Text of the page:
Select Committee on Public Accounts Minutes of Evidence

Examination of Witnesses (Questions 100-119)



  Q100  Mr Davidson: So there is going to be an unsteady trend then there will be a variable trend, but there will be a discernible trend which will be getting things better and fewer leaks.

  Mr Gray: I would expect so, but there is a difference between electricity distribution and gas distribution.

  Q101  Mr Davidson: I am not asking you about electricity distribution: I am not interested in knowing the difference.

  Mr Gray: I was just drawing an analogy.

  Q102  Mr Davidson: I am asking you about gas leaks. Can I just be clear that what you are saying to me is that you would anticipate that over a period, if we come back to this in five years' time, there will be a steady trend with variations indicating a decline in the number of gas leaks?

  Mr Gray: Yes.

  Q103  Mr Davidson: Fine. We actually accept a yes. A yes is entirely satisfactory, indeed that will possibly come up at your trial in due course. May I just ask, in terms of the other health and safety indicators that you have, that you are working on with the HSE, firstly whether you could just give me an indication of how many there are and secondly whether or not you would similarly expect a trend in the appropriate direction, upwards or downwards, depending whichever is safer?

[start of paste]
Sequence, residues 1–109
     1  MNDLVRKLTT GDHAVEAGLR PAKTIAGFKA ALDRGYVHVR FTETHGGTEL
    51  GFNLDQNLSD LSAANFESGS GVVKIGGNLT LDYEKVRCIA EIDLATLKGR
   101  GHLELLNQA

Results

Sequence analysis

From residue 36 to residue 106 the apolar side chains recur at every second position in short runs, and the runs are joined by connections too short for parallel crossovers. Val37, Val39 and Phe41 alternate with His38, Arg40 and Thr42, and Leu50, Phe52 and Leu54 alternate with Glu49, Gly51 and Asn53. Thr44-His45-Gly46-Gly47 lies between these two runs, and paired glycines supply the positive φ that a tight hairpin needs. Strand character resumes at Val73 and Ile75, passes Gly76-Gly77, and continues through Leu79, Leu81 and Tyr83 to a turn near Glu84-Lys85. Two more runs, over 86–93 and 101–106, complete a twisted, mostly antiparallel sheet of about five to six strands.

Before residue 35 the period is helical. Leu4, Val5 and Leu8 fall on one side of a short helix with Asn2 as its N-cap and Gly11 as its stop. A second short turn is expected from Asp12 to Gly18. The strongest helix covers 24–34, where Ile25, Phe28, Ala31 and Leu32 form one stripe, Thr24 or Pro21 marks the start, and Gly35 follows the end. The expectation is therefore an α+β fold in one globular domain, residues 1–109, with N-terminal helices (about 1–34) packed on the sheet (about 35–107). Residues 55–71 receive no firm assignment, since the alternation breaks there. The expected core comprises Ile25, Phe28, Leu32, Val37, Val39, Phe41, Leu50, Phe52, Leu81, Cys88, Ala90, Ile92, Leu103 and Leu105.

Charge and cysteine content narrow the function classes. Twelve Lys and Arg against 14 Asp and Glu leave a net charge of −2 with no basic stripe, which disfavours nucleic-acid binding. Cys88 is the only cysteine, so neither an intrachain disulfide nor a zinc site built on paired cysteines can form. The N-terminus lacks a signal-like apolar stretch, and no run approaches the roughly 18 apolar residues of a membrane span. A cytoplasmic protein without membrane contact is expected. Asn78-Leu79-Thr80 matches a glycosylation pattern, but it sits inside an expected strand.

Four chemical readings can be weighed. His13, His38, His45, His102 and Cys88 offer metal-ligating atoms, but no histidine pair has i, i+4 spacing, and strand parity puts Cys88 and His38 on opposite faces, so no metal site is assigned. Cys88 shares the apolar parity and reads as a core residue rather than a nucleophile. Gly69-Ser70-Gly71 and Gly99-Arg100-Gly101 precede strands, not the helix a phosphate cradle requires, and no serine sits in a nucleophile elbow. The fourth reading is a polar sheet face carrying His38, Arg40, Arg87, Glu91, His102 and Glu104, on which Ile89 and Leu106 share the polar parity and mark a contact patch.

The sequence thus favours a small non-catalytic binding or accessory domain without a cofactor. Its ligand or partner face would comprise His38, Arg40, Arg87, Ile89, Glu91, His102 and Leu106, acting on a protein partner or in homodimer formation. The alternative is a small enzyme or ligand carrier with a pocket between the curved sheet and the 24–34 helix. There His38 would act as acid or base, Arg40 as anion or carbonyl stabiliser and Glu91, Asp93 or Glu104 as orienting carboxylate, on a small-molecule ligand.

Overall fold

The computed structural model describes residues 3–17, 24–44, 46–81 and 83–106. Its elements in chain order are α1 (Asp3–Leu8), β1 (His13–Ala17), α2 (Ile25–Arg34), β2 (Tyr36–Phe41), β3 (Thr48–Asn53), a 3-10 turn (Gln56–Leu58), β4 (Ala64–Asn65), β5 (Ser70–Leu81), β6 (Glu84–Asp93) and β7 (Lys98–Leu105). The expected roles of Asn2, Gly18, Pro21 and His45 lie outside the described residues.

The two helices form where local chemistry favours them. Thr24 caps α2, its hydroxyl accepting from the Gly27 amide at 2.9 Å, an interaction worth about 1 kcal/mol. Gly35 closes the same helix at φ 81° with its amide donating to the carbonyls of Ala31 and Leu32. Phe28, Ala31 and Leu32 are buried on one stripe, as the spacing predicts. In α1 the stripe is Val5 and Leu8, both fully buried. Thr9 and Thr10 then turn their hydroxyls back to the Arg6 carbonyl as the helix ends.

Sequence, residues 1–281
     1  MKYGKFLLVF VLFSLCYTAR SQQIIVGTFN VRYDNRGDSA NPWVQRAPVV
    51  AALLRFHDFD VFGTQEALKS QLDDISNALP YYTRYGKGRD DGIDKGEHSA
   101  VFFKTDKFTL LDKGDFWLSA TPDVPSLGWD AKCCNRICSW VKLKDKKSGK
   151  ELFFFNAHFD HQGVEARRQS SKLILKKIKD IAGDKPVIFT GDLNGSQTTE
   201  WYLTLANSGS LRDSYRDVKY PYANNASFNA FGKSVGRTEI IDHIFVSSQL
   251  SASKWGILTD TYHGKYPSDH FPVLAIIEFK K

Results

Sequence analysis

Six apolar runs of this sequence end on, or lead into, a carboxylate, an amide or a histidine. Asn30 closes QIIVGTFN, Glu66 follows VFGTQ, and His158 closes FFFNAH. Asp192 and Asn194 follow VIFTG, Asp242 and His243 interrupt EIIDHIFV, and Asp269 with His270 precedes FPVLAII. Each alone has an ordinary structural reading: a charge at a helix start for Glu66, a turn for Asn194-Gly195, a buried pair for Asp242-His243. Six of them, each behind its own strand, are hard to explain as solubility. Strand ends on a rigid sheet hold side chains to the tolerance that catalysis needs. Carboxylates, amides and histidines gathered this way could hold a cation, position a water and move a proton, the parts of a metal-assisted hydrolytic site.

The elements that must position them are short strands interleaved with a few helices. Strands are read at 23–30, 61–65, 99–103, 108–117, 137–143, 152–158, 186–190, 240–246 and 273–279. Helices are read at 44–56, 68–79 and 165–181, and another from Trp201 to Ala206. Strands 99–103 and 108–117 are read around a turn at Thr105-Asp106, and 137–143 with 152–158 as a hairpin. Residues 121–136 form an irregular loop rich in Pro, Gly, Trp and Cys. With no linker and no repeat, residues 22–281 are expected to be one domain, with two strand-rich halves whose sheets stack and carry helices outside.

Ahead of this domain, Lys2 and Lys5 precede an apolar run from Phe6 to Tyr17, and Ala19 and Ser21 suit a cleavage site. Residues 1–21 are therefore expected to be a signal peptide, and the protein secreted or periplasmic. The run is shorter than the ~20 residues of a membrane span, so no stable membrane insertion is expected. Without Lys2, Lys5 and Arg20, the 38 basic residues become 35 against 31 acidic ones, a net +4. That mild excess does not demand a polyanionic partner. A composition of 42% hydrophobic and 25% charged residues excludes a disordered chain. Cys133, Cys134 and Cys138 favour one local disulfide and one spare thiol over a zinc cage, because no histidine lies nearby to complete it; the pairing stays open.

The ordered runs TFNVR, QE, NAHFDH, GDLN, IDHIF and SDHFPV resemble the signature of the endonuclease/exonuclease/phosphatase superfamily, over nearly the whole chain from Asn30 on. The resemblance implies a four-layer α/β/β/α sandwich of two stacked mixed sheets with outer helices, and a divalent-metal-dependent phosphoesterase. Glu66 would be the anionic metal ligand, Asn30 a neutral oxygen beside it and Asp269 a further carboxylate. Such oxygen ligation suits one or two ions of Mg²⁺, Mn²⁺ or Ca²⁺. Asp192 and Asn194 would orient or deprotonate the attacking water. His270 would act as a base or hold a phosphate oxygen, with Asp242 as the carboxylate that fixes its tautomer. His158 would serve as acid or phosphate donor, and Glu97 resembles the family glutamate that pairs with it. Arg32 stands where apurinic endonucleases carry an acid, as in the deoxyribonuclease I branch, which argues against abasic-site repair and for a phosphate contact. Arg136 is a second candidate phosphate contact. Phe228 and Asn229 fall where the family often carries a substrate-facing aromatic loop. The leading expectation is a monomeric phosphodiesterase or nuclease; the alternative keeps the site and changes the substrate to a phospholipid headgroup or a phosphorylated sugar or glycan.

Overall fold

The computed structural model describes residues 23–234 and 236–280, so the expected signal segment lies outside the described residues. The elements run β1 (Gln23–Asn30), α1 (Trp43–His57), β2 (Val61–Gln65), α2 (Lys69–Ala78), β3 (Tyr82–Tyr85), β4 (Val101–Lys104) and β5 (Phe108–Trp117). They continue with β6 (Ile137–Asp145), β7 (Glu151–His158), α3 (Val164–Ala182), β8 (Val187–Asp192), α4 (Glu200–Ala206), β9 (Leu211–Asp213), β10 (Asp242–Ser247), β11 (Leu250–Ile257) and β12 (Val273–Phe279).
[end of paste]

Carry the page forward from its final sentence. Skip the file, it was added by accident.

Mr Gray: Health and safety is very much the responsibility of the Health and Safety Executive. As well as us having to approve the sale and the Secretary of State for Trade and Industry having to approve it, the third party which has to is the HSE. They lead on safety initiatives. It is not our territory, except to the extent that obviously we have to make sure that nothing we do in the price controls prejudices the ability of the companies to do what the HSE wants them to do. However, it is not our job to enforce measures on safety. It is our job to make sure the companies have the money to be able to do what the HSE calls for.

  Q104  Mr Davidson: Well that is interesting. So if we saw an increase in lack of safety and it was reasonable to assume that the companies were pursuing financial strategies which resulted in less money being spent on safety measures and there was therefore an increase in those numbers, are you saying in those circumstances you would be absolutely powerless?